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International Students say New Government Policies are Pushing Them to Work Illegally

With new visa regulations coming into effect, immigrant students are looking into the world of under the table jobs

by Lynette George
A hand reaches out under the table, handing over cash to another hand.
International students are turning towards under the table job as visa policies change. (OTR/Lynette George)

Recent policy changes will increase the pressure on international students to pursue illegal cash jobs, students and experts are warning.

Apart from cutting the number of international students admitted to Ontario universities this year, the new rules include a doubling of the minimum proof of funds required to enter Canada to more than $20,000 and a return to the 20-hour work week for international students that takes effect in May. Future undergraduate and college students will also face additional financial hardship because their spouses will no longer be eligible for automatic open work permits upon arrival. 

“It is quite possible that these policies are going to push students into more vulnerable positions and worse work,” said Dale McCartney, an assistant professor at the University of the Fraser Valley who studies international student policy, labour markets and migration issues. 

“There’s a tremendous amount of risk involved here. Lots of these jobs are dangerous. They’re not well-regulated. Also, cash jobs entangle students in a position where it’s very difficult for them to get help,” McCartney added. 

“If they were to go to Workers’ Compensation for being injured at work, but the job was an illicit job, they risk their immigration status.”

Ryan, an international student from India attending Algoma University in Brampton, said he took a job at a pizza shop in Scarborough, Ont., six months ago.

During the semester, he said he worked nine hours per day, for six days a week as a delivery driver and was paid $9 an hour, an additional $1.50 per drop-off and tips, all in cash. When his course load became lighter towards the end of the semester, he said he started working 16 hours a day, five days a week. 

The number of hours international students can legally work off-campus per week shifted from 20 to 40 on Nov. 15, 2022. This change, billed as a temporary solution to Canada’s labour shortages, was scheduled to end on Dec. 31, 2023. However, it has been extended till Apr. 30.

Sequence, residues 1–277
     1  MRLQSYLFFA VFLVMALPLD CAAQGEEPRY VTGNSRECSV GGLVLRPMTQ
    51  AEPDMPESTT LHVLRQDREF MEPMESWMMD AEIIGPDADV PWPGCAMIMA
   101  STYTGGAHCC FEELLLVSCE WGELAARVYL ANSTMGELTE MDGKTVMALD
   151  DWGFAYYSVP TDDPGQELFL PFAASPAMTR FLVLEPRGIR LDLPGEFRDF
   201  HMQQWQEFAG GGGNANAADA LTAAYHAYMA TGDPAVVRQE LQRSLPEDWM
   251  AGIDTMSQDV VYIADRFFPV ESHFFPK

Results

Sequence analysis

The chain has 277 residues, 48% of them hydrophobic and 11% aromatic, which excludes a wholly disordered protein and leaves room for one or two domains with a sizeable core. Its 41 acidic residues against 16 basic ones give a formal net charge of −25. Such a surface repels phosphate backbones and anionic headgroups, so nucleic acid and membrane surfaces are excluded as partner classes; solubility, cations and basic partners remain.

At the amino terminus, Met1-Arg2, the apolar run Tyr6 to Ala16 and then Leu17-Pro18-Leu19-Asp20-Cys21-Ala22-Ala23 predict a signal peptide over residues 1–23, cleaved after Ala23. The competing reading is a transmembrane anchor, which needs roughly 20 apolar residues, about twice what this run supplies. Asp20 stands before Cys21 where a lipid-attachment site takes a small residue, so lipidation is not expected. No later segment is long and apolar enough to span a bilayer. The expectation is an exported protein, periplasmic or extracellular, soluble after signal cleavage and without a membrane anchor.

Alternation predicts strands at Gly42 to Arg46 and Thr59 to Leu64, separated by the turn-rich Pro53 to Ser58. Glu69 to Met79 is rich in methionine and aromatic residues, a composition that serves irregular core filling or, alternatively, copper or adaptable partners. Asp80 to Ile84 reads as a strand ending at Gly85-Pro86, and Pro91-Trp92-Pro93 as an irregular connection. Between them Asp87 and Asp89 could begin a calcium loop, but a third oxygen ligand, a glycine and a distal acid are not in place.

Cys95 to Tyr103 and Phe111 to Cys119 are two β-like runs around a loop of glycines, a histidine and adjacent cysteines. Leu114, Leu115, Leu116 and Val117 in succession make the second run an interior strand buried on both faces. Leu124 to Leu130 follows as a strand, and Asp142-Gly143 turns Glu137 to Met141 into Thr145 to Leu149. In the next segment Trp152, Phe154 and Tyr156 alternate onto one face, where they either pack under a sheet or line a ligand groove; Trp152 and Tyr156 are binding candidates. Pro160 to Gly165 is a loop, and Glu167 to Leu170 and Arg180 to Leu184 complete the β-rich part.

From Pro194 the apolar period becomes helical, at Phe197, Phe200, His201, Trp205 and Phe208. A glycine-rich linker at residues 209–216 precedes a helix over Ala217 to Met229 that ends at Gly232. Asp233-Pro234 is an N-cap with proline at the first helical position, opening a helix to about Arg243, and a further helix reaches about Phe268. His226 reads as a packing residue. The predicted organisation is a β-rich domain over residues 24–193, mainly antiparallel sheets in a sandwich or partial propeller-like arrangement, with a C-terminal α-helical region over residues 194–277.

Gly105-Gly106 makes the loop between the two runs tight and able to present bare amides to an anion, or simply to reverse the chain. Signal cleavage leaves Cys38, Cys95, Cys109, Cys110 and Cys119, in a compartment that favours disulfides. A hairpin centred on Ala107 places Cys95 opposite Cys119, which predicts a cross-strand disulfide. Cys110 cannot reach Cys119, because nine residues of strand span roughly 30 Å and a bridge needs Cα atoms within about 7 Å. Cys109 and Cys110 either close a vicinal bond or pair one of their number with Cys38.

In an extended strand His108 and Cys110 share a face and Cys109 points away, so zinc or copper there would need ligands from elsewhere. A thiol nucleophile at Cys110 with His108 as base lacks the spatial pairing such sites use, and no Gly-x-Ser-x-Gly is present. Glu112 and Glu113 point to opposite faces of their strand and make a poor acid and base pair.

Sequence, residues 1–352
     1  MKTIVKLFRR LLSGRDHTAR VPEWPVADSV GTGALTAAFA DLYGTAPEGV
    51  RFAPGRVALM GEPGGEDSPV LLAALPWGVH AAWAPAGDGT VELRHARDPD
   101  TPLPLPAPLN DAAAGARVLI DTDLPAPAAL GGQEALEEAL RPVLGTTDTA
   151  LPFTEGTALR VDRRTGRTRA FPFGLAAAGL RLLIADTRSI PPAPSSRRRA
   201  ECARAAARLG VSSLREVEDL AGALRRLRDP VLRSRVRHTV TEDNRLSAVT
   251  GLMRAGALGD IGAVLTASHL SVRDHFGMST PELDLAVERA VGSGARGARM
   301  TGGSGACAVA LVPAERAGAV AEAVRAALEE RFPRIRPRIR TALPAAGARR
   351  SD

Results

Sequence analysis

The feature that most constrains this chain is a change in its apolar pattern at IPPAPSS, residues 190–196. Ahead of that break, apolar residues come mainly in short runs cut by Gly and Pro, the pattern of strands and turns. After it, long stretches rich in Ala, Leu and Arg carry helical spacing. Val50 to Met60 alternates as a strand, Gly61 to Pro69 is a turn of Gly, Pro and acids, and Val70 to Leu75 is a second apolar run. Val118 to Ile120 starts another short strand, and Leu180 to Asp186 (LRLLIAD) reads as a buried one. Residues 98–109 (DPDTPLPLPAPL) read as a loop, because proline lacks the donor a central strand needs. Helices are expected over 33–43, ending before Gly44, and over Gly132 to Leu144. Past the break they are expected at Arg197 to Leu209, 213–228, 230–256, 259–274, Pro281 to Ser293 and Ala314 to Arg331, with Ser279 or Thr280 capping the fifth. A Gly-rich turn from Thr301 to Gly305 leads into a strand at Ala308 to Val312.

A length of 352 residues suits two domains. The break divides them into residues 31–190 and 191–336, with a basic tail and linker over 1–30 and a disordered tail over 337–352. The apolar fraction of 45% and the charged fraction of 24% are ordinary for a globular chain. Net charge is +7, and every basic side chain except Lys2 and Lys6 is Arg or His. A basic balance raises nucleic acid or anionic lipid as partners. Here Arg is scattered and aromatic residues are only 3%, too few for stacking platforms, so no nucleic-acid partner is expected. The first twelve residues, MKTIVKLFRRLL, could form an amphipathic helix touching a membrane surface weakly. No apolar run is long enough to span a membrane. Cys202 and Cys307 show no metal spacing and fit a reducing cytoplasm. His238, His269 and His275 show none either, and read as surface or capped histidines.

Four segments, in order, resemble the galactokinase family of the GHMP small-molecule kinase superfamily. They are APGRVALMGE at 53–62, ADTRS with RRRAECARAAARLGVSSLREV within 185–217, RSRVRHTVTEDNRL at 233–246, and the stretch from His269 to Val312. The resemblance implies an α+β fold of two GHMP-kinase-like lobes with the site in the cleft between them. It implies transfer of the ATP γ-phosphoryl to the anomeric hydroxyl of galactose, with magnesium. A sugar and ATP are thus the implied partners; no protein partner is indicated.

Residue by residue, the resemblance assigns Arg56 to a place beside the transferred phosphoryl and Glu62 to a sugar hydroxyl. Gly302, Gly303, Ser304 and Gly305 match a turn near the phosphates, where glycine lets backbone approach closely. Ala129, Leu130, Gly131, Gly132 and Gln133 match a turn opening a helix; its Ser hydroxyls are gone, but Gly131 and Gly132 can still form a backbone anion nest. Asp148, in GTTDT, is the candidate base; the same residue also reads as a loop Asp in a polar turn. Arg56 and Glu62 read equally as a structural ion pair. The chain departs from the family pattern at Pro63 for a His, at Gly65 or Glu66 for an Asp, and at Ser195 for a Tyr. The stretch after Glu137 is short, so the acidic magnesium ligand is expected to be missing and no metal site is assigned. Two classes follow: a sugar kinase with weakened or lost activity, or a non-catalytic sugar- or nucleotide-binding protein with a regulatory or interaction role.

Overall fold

Ryan said he took on the job even though he knew that working for cash could put his immigration status in Canada at risk.

“Money was the most essential thing at the time,” he said, over the phone. “I didn’t have a job and I needed to pay for my rent, groceries, phone bills and pay off my car insurance.”

McCartney said students are forced to take risks due to financial pressures, even when the consequences are serious. 

“In addition to working cash jobs to pay day-to-day bills, some international students also pay remittances, and almost all international students are under some pressure from home for sure.”

With the new policies, McCartney suggested that an increased pressure will fall on students who planned to rely on spousal support, forcing them to take larger loans to cover their expenses instead.

He also warned that the number of hours international students are allowed to work and the detailed record-keeping required from employers could further hurt their employment prospects. 

“What makes this even more complicated is the looming possibility that their work hours will be cut, which will mean employers will find (international students) even less appealing,” said McCartney.

Ethan, an international student from Colombia pursuing a biotechnology degree at Centennial College, said he came to Canada on a visitor visa after his parents passed away.

To afford a study permit, his education and the rising cost of living in the city, he worked under the table, below-minimum-wage jobs. 

“I needed to work because I need money for my college tuition…and if I get paid in cash, then I don’t need to pay taxes, so I can save more money to live here,” he added. Like the other students OTR interviewed for this story, he asked not to be identified because he didn’t want to put his immigration status at risk.